I started reloading because of the miserable selection for 260 Remington and next to nothing for 7.5x55 Swiss.

    I have a buddy who shoots a lot of 300 WSM, and he reloads and it "costs" a lot less per round, but you have to make the time to do it.

    My best load for my 260 is with a max load of RL22, so I weigh every single charge from my powder measure to ensure it's not over.

    I second the recommendation to find someone to show you the ropes. Another option - find someone who will work up a load with you that's reputable. I had a guy willing to load whatever I wanted. He worked up a load, took me to the range, shot several different loads over a chronograph and found the accuracy load. It would have been pretty inexpensive to get ammo from him. I just wanted to be able to do my own for several calibers and didn't want to be high and dry if the guy gave it up or I couldn't reach him. He even offered to help me set up my equipment after buying my own gear.
     
  7. Zep

    Zep Well-Known Member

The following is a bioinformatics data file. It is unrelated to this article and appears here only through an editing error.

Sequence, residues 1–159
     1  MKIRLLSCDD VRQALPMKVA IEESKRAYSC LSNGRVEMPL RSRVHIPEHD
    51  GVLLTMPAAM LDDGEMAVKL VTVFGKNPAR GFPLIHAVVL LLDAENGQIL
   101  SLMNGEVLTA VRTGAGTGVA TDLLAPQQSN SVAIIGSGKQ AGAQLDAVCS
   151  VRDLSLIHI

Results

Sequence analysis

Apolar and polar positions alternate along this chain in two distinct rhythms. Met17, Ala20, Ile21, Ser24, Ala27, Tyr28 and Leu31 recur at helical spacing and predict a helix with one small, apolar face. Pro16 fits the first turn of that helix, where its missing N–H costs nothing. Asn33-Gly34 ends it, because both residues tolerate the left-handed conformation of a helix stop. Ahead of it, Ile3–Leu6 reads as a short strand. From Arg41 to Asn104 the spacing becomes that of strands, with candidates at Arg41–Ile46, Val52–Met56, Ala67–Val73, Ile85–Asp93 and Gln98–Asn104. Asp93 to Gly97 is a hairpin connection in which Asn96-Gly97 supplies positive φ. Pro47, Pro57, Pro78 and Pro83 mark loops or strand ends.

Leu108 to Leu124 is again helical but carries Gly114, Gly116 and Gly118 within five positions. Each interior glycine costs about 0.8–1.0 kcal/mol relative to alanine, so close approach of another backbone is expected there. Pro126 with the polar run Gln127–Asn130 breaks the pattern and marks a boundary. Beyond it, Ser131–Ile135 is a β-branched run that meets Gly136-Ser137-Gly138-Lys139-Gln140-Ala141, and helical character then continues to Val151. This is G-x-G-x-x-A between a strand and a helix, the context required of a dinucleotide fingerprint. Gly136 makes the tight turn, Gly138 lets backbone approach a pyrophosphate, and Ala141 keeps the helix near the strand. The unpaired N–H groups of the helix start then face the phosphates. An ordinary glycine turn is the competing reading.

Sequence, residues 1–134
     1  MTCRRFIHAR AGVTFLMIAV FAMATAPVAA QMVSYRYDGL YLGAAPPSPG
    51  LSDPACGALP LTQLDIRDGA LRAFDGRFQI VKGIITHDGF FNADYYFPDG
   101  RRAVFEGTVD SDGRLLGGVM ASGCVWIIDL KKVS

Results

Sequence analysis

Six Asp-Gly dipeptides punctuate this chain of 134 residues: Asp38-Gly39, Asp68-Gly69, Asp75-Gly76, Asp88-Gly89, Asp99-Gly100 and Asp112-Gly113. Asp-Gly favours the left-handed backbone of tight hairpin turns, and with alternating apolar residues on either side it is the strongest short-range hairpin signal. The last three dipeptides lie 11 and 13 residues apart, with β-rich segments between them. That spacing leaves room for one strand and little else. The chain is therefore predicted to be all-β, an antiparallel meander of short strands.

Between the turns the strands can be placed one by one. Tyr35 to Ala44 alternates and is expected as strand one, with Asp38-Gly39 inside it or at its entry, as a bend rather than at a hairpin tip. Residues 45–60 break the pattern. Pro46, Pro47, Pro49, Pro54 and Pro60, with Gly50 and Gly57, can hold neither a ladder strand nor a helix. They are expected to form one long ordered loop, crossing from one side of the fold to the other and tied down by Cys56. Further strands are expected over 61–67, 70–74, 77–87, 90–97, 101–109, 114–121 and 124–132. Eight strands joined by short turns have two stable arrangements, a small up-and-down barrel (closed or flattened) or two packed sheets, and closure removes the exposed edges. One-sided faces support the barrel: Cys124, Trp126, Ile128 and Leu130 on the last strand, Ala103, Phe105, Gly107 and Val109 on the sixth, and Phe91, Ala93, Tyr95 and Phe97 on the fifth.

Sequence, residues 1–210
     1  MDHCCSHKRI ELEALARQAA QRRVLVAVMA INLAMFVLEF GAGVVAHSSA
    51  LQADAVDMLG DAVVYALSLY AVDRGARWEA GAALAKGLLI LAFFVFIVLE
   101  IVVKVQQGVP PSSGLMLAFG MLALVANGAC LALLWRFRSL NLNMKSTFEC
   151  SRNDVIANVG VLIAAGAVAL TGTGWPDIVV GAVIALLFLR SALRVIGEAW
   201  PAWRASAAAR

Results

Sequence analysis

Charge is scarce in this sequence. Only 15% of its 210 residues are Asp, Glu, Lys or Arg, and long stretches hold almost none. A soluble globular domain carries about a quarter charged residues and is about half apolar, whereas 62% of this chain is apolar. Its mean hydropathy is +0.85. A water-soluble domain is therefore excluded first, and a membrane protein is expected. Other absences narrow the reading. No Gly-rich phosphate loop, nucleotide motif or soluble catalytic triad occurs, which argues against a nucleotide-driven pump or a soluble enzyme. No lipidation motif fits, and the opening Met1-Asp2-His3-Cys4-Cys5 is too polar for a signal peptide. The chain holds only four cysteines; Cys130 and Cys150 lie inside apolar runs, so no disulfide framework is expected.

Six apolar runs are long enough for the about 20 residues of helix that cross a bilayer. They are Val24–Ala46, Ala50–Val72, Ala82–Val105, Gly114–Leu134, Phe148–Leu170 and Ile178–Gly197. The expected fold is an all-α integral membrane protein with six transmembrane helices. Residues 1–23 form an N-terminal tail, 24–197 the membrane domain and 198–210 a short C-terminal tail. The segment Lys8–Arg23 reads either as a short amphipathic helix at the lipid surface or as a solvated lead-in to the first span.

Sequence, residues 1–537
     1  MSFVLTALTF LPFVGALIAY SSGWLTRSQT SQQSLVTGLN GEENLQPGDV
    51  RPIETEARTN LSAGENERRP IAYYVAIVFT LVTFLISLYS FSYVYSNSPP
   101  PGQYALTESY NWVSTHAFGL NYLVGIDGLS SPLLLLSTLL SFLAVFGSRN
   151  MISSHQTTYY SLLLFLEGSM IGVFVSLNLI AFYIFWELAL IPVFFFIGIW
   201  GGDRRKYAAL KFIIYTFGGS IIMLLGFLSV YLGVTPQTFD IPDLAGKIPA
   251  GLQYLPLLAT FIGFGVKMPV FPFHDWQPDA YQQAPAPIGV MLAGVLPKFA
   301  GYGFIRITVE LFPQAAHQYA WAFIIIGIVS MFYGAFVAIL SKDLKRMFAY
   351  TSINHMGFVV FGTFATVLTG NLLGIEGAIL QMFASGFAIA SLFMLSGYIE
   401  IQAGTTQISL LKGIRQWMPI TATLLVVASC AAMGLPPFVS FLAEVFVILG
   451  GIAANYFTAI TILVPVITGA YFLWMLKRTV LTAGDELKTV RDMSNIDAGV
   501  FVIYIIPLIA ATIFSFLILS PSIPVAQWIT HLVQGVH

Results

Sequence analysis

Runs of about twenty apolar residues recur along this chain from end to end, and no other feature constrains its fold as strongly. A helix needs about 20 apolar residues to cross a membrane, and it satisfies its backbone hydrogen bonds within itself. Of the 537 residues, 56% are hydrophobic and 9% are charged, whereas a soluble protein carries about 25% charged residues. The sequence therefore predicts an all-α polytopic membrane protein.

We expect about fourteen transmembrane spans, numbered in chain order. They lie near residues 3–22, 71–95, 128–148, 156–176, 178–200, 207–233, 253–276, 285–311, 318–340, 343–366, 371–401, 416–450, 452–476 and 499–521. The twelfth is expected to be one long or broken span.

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    jt - Excellent advice!

    And I would like to add for many of us it is also an interest/hobby so we enjoy the time spent and we justify the money as entertainment. We really like to do it. I have always enjoyed hand loading and when I saw the accuracy increase it just blew my mind, as mentioned just above by jt, so many possibilities open up.

    I don't think I have mentioned it in my posts, probably would have avoided bad feelings in another thread but I ran the trap range at a club for a number of years and I actually told more than one newbie to just buy factory for the first year or two, concentrate on the shooting. They all did that and many never got into the reloading aspect. It is not for everyone and shot shell is a walk in the park compared to metallic. .
     
  8. jtkratzer

    jtkratzer Well-Known Member

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    Yeah, I enjoy the process. I think reloading falls pretty well into the DIY category. I'm a homebrewer love tinkering with brewing beer and working my own recipes, building my own electric brewery, and reloading is the same way. Figuring out what my rifle likes best is no different than figuring out what beer I like best.